What is it about winning a World Series — or even a playoff series — that turns such expressive ballplayers into MLB’s Fun Police?
Kansas City catcher Salvador Perez used to be one of the kings of clubhouse antics. From 2013-2015, there’s a legitimate argument that no team had more fun in pro ball than the Royals. Amid a rebuilding roster with developing talent, the Royals made a huge point of showing off their personalities and shaking their fists at the game’s established clubs.
They were a mid-market team that wasn’t afraid to get on the nerves of their opponents. From blasting “We Ready” in the locker room after wins, to fining each other for not making Fetty Wap references in interviews, to Perez’s own penchant for dumping buckets of ice water on teammates, the Royals were distinctly themselves at all times and it was a joy to watch.
This is the same team that made “that’s what speed do” a rallying cry and mimed themselves revving a motorcycle every time they stole a base.
Oh, how times have changed. Now that the Royals are on the wrong side of another rebuild, it’s not so funny to them when other players enjoy themselves at Kansas City’s expense.
Just look at the words of Perez after Saturday’s 8-0 loss to the White Sox in the first game of a doubleheader. Perez was upset that Chicago shortstop Tim Anderson had the audacity to pimp a leadoff home run.
“Anderson don’t even play (in) a f—ing playoff game,” Perez told the Kansas City Star. “He don’t know about getting excited or not. He gotta be in the playoffs to be excited, like us. We got a World Series. That’s the second time (he’s done that this year), so I said something to him.”
Salvy had shared some thoughts on Tim Anderson. Perez thought Anderson disrespected the Royals as he rounded the bases shouting "f– let's go." Here's a highlight: pic.twitter.com/vgtm6dk1GR
— Maria Torres (@maria_torres3) April 29, 2018
Et tu, Salvy? Now that the Royals’ World Series window has closed, you’ve resigned yourself to enforcing baseball’s unwritten rules? Because we’re pretty sure Kansas City had plenty of fun before they even made the playoffs in 2014 (see above).
The hypocrisy here would be depressing if it weren’t so laughable. That Perez even felt the need to say something else to Anderson while on second base later in the game, let alone cause the benches to clear, is the height of baseball’s cognitive dissonance.
Chicago is not going to win a lot of games this year. It’ll likely have more ugly losses than thrilling victories. That’s the sport. That’s rebuilding. That’s what the Royals went through. They should know more than anyone else that playing with passion and exuberance is as important to developing into a contender as anything.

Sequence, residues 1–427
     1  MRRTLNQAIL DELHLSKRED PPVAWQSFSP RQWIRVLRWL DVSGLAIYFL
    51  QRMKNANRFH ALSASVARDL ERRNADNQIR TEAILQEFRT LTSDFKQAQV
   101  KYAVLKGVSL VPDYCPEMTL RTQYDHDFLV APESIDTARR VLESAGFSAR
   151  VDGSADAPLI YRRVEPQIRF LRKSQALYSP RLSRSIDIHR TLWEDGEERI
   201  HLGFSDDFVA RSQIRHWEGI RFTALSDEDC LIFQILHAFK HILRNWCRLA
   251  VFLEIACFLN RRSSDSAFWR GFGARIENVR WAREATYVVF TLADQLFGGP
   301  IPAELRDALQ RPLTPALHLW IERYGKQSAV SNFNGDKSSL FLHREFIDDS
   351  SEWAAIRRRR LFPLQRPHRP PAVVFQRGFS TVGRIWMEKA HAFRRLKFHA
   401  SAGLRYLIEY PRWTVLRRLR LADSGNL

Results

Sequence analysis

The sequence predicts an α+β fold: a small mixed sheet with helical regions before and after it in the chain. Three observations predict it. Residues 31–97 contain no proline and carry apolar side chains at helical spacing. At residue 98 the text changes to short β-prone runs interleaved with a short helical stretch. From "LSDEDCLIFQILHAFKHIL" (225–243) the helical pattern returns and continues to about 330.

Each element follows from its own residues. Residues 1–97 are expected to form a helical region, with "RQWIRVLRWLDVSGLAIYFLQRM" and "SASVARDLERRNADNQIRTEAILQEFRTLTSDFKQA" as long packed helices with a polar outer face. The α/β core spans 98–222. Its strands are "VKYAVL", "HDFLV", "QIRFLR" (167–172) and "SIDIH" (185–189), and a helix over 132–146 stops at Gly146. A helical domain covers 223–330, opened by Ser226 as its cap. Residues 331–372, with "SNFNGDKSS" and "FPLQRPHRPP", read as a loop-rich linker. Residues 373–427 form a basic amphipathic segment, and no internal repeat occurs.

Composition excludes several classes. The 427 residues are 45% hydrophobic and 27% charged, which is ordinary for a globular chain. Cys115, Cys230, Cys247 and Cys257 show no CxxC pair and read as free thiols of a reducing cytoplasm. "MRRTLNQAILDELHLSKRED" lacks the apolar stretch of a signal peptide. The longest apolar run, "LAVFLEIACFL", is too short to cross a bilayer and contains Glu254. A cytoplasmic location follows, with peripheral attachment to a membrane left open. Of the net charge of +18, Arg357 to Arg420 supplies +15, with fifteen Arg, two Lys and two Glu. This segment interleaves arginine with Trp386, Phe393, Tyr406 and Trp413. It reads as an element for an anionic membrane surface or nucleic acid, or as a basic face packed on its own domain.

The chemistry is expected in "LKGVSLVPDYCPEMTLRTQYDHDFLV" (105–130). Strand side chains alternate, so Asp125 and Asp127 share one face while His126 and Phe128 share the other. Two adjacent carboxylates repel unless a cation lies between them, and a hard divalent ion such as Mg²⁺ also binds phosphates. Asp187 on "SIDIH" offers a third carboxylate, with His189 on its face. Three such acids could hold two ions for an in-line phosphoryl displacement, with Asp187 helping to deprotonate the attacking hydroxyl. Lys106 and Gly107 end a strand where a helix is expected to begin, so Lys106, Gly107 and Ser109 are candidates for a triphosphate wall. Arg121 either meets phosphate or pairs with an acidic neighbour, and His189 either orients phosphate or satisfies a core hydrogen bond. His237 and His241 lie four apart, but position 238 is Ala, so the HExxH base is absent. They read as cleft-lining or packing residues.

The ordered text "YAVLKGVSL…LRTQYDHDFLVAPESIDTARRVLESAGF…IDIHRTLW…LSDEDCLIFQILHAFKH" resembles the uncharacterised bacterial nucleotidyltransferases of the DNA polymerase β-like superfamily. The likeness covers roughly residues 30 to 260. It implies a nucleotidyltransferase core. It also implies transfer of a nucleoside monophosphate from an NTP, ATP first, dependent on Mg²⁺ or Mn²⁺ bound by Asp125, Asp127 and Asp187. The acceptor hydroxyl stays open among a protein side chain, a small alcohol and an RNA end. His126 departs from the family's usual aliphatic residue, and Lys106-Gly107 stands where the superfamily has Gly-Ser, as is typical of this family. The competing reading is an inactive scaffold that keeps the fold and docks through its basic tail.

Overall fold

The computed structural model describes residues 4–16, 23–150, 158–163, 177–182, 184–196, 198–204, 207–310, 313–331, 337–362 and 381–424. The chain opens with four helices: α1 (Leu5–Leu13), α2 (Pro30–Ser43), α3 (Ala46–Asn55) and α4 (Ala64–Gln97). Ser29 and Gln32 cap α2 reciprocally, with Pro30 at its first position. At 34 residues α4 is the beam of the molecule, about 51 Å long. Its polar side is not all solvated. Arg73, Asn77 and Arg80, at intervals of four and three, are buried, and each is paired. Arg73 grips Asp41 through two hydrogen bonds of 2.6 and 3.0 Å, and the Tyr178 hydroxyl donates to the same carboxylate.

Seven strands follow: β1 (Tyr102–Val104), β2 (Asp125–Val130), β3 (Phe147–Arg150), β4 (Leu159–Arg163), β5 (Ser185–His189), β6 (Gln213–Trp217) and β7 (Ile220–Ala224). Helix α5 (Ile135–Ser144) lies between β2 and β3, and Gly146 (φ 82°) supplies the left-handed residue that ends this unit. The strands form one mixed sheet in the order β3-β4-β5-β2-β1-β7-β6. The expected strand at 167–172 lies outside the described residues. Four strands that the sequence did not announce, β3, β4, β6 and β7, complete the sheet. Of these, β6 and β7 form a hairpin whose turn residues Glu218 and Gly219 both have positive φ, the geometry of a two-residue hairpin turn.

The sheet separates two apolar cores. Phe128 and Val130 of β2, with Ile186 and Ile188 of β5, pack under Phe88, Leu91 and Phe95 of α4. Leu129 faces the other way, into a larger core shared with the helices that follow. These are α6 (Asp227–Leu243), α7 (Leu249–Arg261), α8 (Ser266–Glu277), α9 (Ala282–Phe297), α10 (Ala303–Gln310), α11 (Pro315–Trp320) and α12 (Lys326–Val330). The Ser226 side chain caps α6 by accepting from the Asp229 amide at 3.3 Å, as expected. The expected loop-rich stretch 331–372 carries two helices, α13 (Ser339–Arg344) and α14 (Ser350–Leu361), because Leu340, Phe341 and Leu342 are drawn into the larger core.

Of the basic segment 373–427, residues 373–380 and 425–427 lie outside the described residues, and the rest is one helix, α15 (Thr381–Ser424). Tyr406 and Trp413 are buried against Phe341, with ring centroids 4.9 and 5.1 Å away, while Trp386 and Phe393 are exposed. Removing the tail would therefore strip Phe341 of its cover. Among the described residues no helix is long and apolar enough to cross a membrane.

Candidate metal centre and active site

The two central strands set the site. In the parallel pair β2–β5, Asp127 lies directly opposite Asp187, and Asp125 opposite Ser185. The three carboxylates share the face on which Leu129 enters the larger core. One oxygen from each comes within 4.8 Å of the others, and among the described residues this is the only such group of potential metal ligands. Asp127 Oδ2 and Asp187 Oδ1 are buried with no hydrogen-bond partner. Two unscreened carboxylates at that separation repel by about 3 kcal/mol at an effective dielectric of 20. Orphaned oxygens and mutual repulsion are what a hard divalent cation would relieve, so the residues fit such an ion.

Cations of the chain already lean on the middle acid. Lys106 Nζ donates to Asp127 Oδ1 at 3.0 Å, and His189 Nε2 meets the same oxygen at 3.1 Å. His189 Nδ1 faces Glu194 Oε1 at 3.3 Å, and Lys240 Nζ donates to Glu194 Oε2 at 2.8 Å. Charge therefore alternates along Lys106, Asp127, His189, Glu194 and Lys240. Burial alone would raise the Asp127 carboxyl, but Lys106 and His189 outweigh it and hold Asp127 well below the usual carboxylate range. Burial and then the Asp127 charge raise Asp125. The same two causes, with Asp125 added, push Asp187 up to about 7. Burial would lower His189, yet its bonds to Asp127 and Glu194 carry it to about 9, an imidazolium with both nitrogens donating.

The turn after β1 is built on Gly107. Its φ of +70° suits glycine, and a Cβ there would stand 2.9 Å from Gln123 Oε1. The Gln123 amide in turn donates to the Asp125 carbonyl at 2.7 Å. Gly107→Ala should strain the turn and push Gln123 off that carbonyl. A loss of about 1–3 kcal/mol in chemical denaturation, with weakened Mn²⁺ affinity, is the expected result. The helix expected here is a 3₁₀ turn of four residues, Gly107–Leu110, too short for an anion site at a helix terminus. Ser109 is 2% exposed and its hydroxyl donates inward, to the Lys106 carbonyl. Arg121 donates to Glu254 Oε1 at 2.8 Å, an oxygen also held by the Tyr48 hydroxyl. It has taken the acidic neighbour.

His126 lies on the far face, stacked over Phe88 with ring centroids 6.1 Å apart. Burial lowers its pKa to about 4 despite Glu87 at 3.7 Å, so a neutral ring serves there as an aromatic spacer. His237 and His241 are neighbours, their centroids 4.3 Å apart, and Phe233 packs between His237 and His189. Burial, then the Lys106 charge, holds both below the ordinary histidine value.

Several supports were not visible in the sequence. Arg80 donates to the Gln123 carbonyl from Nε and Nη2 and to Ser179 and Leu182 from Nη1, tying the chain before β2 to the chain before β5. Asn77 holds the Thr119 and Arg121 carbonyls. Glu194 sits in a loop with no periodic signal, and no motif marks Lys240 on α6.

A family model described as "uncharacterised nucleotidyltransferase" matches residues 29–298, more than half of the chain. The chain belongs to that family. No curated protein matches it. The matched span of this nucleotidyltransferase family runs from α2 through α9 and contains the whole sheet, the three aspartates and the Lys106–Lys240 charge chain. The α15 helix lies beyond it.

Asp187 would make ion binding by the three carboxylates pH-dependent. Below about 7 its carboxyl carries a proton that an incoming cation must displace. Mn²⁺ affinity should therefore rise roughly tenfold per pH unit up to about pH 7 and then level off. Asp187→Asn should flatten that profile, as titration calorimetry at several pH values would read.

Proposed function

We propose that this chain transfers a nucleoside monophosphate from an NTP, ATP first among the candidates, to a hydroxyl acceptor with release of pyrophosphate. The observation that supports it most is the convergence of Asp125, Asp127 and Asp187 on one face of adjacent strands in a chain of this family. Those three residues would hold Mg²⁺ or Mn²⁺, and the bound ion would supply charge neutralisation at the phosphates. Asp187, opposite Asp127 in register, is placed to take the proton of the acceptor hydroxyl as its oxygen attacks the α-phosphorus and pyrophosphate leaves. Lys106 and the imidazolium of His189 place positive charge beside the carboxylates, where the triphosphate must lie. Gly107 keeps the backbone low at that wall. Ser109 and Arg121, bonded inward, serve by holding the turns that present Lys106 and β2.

But now that the Royals have a ring and are staring at another run of mediocrity, that joy is apparently gone. Which is as much a shame as any other problem with Kansas City’s club. The team that thrived off its swagger is shocked and dismayed that other young stars might want to play the game the same way.
Salvador Perez calling out Tim Anderson for playing with too much joie de vivre because the White Sox haven’t won anything completes the circle of life. These White Sox embody the ethos of the 2014-15 Royals more than the Royals do. And that hurts almost as much as the losing.
— Rany Jazayerli (@jazayerli) April 29, 2018
It gets even sillier from the Royals’ perspective when you hear manager Ned Yost defending Anderson in this fracas.
Ned Yost on last night's Fun Police episode with Tim Anderson and Salvador Perez: "Back in my day, we had fun, but the fun we had was after the game in the bar. These guys have fun on the field. It's a different generation. I'm all for it. I like having fun."
— Rustin Dodd (@rustindodd) April 29, 2018
Anderson is certainly an easy target now that he’s angered Justin Verlander and Perez, which makes no sense at all, either. The past four World Series champions have been overflowing with personalities. The Royals, Cubs, Astros and Giants all knew they were talented and enjoyed showing it off.
This core group of White Sox might not reach that pinnacle, but it certainly won’t be from a lack of embracing who they are.
If Perez doesn’t like it, he’s got only himself and his teammates to blame. They helped set the standard. Now they get to live with it.
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